Challenges and novel approaches for investigating molecular mediation
Schematic diagram of two-step, two-sample Mendelian randomization In the smaller Sample 1, the association of the exposure to the intermediate is established using an MR approach (using the exposure-related G1); and the association of an additional variant (G2, not related to the exposure) with the same intermediate is established. G1 and G2 should be identified in an independent study. In the larger Sample 2, the intermediate is shown to influence the outcome through the use of G2, which is related to the outcome. N.B. the dotted arrows represent the fact that these genetic variants, G1 and G2, influence the intermediate or outcome indirectly through the exposure or intermediate, rather than having a pleiotropic effect. In theory, G1 would also be found to influence the outcome indirectly through both the exposure and intermediate.
© Copyright Policy - creative-commons
Related In: Results  -  Collection

License
Show All Figures
getmorefigures.php?uid=PMC5036871&req=5

ddw197-F6: Schematic diagram of two-step, two-sample Mendelian randomization In the smaller Sample 1, the association of the exposure to the intermediate is established using an MR approach (using the exposure-related G1); and the association of an additional variant (G2, not related to the exposure) with the same intermediate is established. G1 and G2 should be identified in an independent study. In the larger Sample 2, the intermediate is shown to influence the outcome through the use of G2, which is related to the outcome. N.B. the dotted arrows represent the fact that these genetic variants, G1 and G2, influence the intermediate or outcome indirectly through the exposure or intermediate, rather than having a pleiotropic effect. In theory, G1 would also be found to influence the outcome indirectly through both the exposure and intermediate.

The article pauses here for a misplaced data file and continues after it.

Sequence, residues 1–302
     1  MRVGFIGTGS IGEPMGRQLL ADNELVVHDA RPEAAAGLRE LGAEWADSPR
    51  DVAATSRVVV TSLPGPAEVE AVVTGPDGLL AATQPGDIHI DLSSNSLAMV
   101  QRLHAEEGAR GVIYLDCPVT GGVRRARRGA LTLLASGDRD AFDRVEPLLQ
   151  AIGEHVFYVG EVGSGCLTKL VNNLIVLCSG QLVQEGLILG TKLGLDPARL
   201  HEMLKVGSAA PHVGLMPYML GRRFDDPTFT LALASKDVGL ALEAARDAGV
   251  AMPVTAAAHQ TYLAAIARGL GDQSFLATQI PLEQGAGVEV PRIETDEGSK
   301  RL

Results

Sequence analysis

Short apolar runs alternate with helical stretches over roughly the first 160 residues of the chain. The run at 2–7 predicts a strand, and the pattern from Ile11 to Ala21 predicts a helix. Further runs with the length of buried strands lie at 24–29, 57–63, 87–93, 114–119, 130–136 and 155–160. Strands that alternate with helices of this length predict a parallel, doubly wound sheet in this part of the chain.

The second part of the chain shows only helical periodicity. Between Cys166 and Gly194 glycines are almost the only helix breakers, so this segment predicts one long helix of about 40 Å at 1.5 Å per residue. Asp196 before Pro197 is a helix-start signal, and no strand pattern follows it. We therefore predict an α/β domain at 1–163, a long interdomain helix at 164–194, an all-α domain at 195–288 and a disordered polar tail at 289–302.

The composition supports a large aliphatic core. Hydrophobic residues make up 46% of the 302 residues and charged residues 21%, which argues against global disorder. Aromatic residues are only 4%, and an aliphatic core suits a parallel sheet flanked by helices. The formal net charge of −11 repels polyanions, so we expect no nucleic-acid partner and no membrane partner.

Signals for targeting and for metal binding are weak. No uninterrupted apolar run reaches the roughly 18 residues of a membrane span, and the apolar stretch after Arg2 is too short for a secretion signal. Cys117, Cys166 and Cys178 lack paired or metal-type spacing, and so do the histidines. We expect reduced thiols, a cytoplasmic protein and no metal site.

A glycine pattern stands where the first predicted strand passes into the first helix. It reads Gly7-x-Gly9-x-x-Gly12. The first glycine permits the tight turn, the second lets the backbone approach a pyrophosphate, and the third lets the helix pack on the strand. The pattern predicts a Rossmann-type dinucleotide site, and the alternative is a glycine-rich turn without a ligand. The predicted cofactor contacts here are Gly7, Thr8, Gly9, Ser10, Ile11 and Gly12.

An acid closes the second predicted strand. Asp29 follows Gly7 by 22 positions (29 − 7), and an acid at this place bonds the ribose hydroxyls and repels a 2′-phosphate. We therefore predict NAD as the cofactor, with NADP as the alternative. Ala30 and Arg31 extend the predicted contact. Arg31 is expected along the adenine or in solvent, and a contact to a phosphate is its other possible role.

Mentions: In addition, with regards to asserting mediation in an exposure-outcome setting, the two-step MR approach could be combined with the two-sample approach to powerfully and efficiently examine the extent of mediation in causal networks (5). First, the causal associations of both the exposure on the intermediate and of an independent variant on the intermediate could be established, and then in a larger population-based sample, the genetic associations with the disease outcome delineated (Fig. 6). This gives two-step MR an advantage over traditional mediation approaches which require the exposure, mediator and outcome to be measured in the same subset of individuals.Figure 6.

View Article: PubMed Central - PubMed

ABSTRACT

Understanding mediation is useful for identifying intermediates lying between an exposure and an outcome which, when intervened upon, will block (some or all of) the causal pathway between the exposure and outcome. Mediation approaches used in conventional epidemiology have been adapted to understanding the role of molecular intermediates in situations of high-dimensional omics data with varying degrees of success. In particular, the limitations of observational epidemiological study including confounding, reverse causation and measurement error can afflict conventional mediation approaches and may lead to incorrect conclusions regarding causal effects. Solutions to analysing mediation which overcome these problems include the use of instrumental variable methods such as Mendelian randomization, which may be applied to evaluate causality in increasingly complex networks of omics data.

No MeSH data available.


Related in: MedlinePlus